Without saying it, Macron launches his candidacy for re-election – the Durango Herald
Prime-time speech to the nation by French President Emmanuel Macron was a lot like launching a re-election campaign
LE PECQ, France (AP) – “I am running again as a candidate for the French presidency.”
Those words, or some variations in that sense, were the most glaring omission in a prime-time speech to the nation Tuesday night by French President Emmanuel Macron.
The 27-minute speech, delivered against the backdrop of a red-white and blue tricolor and an embossed seal of the French Republic, swept away France’s fight against the coronavirus pandemic, moved forward towards its economic recovery and brought forward spoke encouragingly of The French assets but also warned against the challenges and vulnerabilities.
It was a televised statement that sounded a lot like a re-election campaign launch – without really saying it.
This is certainly how political opponents who have already declared their ambition to overthrow Macron and limit him to a one-term president were viewed during the country’s vote in April.
“Obviously, Emmanuel Macron is a candidate,” tweeted far-left leader Jean-Luc Melenchon, who hopes to improve his fourth place in the 2017 elections which put Macron in power as the youngest French president in the country. story.
Far-right candidate Marine Le Pen, widely defeated by Macron in the 2017 presidential runoff, called the address a “campaign speech”.
For now, not declaring himself officially re-elected is strategically advantageous for Macron, 43.
From the golden offices of the presidential Elysee, Macron can appear to be above electoral politics and what is already shaping up to be a turbulent and murderous campaign. It is more difficult for opposing candidates to attack a sitting president who has not yet rolled up his sleeves and has officially entered the fray. Because the president embodies French authority, attacking the office puts Macron’s opponents at risk of appearing rude and unpatriotic.
The ambiguity also allows Macron to use the privileges of the presidency to campaign without saying it. He meets and greets voters across France and orders airtime while traveling here and flying there for what is apparently a presidential affair. Access to France’s purse strings also allows him to direct taxpayer money towards needs and causes which his future campaign team hopes will also make him a more attractive candidate.
Behind the scenes, a Macron re-election effort is already well underway. And the recipe that worked so well for him in 2017 remains effectively unchanged: he is once again striving to dominate the middle ground of French politics and to attract voters on the right and left.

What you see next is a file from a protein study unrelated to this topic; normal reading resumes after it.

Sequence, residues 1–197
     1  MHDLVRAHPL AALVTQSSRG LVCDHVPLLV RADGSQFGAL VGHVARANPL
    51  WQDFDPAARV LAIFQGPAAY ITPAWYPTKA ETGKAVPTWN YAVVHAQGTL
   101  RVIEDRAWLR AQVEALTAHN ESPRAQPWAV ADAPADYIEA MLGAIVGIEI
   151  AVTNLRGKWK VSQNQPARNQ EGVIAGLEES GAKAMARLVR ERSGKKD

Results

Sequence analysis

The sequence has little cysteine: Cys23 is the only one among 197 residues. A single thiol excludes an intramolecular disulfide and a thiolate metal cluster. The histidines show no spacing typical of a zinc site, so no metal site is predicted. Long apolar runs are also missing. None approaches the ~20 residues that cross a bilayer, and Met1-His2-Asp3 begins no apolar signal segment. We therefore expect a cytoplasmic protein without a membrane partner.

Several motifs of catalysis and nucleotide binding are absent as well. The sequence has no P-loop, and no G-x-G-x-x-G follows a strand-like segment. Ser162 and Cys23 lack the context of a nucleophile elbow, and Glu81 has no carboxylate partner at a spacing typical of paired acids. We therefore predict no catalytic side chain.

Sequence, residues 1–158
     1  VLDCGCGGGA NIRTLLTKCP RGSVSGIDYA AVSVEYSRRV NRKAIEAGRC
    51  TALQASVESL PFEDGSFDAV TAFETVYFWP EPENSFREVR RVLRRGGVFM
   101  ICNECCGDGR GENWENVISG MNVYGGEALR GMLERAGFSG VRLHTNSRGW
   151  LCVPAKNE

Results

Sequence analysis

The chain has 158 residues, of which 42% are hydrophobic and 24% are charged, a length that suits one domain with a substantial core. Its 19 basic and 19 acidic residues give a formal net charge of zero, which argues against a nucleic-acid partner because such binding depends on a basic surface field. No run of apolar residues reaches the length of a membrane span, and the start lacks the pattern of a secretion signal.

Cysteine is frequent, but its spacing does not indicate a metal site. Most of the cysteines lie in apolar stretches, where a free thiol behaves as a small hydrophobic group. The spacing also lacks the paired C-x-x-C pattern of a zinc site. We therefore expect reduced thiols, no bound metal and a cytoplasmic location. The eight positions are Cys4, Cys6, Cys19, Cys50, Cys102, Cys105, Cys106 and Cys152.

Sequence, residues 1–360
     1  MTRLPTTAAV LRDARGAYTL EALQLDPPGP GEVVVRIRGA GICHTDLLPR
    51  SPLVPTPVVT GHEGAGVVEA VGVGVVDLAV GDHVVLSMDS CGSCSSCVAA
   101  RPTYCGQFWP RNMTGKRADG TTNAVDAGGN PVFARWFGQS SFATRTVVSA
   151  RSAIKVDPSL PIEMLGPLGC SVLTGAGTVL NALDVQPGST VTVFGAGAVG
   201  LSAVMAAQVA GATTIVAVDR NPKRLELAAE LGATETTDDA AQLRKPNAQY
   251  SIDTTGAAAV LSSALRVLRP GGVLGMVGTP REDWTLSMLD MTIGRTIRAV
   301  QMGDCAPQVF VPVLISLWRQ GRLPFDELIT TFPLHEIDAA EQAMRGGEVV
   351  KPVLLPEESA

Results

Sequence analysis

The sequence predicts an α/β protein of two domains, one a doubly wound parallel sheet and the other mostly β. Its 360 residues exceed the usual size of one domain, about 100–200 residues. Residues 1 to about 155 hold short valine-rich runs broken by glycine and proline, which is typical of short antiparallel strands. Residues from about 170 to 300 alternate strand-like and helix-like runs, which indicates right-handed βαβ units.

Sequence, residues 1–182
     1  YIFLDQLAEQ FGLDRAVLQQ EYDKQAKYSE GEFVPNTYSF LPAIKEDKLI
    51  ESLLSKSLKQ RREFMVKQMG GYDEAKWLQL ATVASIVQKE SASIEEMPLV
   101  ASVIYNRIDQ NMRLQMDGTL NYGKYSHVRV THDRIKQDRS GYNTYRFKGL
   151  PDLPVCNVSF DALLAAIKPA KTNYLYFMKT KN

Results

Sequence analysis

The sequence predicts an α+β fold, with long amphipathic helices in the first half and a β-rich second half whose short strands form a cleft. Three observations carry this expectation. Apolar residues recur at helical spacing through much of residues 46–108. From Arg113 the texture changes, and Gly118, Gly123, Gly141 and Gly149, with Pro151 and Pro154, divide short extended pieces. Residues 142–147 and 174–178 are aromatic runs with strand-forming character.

A priority for his campaign team will be to suck support from conservative and far-right candidates who vote more heavily than left-wing candidates. Not declaring does not seem to hurt Macron: Voter intention polls have suggested for months that he is the frontrunner, with a big cushion but by no means impregnable.
“When you start to launch a campaign, it necessarily encroaches on work,” Macron spokesman Gabriel Attal said on Wednesday. “We have to be 100% at work.
Macron is not the only one who deliberately makes people guess. The biggest impact on the race so far has been made by another undeclared but expected competitor: Eric Zemmour. Full candidate, the television specialist who arouses the scum arrives from the extreme right and, despite repeated convictions for hate speech, votes shoulder to shoulder with Le Pen behind Macron. An official candidacy from Zemmour may only be in a few days.
But there is a danger that the campaign and its issues will escape Macron, and that other candidates will set the tone, if he plays the waiting game for too long. Already, the emphasis Zemmour and Le Pen placed on immigration and the threats it poses to French identity and prosperity are diverting attention from the themes of economic growth, job creation and poverty reduction that Macron counts among his strengths.
Opponents are also already complaining that Macron is blurring the lines between president and candidate, giving him an unfair advantage. Election rules that require a fair share of airtime for candidates will come into effect from January and will also apply to Macron.
Voting campaigns and supporters will also have to be mobilized, rallies organized and funds collected and registered. Almost at the same stage of the last presidential election, the then president, François Hollande, was preparing to make his intentions known. It was on December 1, 2016, that he announced in a prime-time speech that he would not seek a second 5-year term.
Nothing in Macron’s speech suggested a similar route. Macron has made it clear that he believes work remains to be done after a first term deviated by the pandemic and months of angry protests against his government before the pandemic struck.
The clearest clue to his intentions came when Macron spoke about the overhaul of the French pension system. He had previously promised to push forward the difficult reform as president. But he said on Tuesday that it was now necessary to wait for “clear decisions” in 2022.
Without saying it, he could hardly have been clearer.
Sylvie Corbet in Paris contributed.